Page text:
Torba – Musique Inconcrète LP (FRAG49)
While Diciocia’s latest work is far from being composed in classical terms, the concept behind the album revolves around the idea of sketch or annotation. Or better still: The inconcrète. A semi-false (or semi-correct) french word, used to undermine the consistency of the french Musique Concrète tradition in a rather light-hearted manner. During the conception of this album, MD was strongly influenced by the work »Incompiuto – The Birth of a Style« by the Italian contemporary art collective Alterazioni Video. They loudly claim that Incompiuto – the unfinished – is the only Italian art style of some significance in the past 50 years: “The term ‘incompiuto’ refers to the architectural and infrastructural works whose construction has been halted, and which can be witnessed throughout the entire Italian peninsula. They are all publicly funded, and for a variety of reasons (design errors, political decisions, inaccurate cost estimates, contractors’ bankruptcies, evident disregard of building regulations, the disappearance of funds, etc.) their construction has been interrupted, leaving behind a series of ruins in reverse.” (Alterazioni Video)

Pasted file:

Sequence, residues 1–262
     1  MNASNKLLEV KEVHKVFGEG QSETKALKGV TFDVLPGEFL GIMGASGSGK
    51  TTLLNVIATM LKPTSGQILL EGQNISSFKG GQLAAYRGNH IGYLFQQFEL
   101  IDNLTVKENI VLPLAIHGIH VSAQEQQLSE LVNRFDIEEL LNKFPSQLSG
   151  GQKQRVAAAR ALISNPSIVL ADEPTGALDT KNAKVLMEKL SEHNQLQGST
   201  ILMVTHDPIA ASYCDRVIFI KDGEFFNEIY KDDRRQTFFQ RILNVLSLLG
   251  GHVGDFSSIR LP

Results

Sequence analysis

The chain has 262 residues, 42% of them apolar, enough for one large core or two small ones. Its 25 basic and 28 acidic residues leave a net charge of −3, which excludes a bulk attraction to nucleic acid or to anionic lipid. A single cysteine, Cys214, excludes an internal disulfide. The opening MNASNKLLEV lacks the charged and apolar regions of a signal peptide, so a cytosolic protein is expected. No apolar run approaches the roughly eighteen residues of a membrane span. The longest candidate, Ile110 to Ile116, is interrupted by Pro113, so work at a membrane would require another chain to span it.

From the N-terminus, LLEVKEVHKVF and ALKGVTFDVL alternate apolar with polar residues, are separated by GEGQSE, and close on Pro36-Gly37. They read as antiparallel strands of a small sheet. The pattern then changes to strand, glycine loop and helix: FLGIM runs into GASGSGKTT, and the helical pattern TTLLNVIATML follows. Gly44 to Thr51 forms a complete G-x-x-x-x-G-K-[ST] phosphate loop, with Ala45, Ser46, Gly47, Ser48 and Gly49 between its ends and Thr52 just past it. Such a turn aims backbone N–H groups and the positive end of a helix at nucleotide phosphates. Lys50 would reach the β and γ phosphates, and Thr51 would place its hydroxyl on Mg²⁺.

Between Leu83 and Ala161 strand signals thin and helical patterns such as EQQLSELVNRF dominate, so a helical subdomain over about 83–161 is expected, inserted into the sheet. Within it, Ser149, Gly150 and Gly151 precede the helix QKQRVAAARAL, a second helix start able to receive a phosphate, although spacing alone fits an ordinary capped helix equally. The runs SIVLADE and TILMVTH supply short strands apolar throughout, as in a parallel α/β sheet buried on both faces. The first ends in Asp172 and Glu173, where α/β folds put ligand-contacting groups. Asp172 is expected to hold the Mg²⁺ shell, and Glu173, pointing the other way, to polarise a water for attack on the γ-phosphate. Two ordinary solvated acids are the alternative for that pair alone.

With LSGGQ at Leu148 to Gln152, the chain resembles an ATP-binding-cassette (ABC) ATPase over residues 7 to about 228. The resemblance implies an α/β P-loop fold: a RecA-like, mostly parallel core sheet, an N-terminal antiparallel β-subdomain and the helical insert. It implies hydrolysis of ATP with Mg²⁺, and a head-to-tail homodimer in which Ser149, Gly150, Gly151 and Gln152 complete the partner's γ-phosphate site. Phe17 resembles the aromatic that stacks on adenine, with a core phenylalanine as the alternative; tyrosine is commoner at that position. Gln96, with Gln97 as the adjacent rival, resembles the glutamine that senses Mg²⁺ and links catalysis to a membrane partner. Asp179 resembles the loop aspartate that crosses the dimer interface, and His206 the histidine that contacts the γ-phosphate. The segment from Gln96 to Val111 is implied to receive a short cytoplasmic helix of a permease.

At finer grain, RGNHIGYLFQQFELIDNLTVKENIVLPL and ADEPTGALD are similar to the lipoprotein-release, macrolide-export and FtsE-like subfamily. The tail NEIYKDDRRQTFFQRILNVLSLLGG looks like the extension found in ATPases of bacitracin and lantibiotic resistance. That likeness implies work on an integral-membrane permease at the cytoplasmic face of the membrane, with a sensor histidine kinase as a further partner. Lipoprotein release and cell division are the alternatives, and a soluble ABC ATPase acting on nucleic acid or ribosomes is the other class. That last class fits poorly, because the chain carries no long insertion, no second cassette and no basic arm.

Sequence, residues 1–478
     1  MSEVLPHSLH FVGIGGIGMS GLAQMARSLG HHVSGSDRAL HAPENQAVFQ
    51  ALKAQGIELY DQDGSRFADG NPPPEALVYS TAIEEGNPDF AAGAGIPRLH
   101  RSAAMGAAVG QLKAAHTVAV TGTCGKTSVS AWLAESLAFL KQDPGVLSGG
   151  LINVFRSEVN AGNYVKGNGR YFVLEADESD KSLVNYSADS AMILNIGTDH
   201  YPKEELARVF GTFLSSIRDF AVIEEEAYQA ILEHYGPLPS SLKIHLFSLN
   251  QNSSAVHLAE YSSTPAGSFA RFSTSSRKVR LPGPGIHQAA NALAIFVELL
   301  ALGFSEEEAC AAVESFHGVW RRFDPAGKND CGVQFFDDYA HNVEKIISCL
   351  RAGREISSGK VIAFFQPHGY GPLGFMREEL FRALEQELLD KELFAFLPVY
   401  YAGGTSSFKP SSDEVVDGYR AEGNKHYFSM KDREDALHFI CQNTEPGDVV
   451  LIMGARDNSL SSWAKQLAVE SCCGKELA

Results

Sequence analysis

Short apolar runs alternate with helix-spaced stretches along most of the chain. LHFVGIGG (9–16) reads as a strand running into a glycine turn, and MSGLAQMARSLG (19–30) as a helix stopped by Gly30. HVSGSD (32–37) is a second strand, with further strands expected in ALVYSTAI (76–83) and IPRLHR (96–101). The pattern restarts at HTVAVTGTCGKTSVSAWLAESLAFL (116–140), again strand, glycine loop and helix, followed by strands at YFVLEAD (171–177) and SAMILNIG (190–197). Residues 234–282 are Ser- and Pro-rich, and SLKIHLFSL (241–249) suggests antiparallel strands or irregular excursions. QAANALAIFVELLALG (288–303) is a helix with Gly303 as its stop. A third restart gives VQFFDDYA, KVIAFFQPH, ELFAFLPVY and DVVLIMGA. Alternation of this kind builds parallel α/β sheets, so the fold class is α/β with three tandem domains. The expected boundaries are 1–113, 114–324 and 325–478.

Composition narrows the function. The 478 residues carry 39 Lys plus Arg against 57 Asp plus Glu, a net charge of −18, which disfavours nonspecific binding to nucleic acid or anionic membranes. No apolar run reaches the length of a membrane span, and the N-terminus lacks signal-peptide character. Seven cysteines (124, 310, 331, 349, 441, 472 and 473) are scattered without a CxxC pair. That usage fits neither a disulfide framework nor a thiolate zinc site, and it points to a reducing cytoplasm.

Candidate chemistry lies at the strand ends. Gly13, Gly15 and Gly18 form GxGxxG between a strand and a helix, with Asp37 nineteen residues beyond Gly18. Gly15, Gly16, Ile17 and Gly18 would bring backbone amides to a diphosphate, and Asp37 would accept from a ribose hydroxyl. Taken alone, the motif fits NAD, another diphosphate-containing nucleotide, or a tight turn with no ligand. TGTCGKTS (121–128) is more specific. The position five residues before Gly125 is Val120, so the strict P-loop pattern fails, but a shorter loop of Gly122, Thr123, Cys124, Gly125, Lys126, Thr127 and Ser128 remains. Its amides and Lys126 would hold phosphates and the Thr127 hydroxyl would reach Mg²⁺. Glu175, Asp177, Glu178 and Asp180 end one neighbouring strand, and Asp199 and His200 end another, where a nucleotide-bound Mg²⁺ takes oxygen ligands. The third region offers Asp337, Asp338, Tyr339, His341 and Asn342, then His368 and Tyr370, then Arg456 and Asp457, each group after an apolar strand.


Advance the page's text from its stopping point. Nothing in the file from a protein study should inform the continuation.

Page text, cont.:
Far from any reference to post-architecture or mafia-political controversy, the final output of »Musique Inconcrète« is a macro cut-up of sound-screens reorganized as quasi-organic narration: Fragments of unfinished compositions, roughly assembled according to a mere aesthetic criteria. Beyond the sporadic use of oscillators and a few inserts of other people’s music manipulated on ¼-inch tape, the whole LP is made out of field recordings collected in the region of Salento in southern Italy, where Diciocia is currently living. All environmental sounds were captured with common consumer electronics (walkman and mobile phones) in order to give back the domestic feeling of an abandoned opera. Speaking of geography, the first track Lapjèdr Fòr is the only exception. Intended as an introduction to the whole narration, it testifies MD’s emotional and non-linear journey back from Germany, where he spent about eight years, to Southern Italy: It contains a clashing mix of recordings made in Berlin and around the seaside of Torre Lapillo.
The pictures for the artwork of the album were taken by the photographer Gabriele Albergo, whose perpetual-in-progress project »Salento Death Valley – A Black Diary of the Most Beloved Italian Peninsula« aims to deconstruct the touristically idealized image of the region through the serial production of what he calls anti-postcards.
Edition of 300 copies on black vinyl.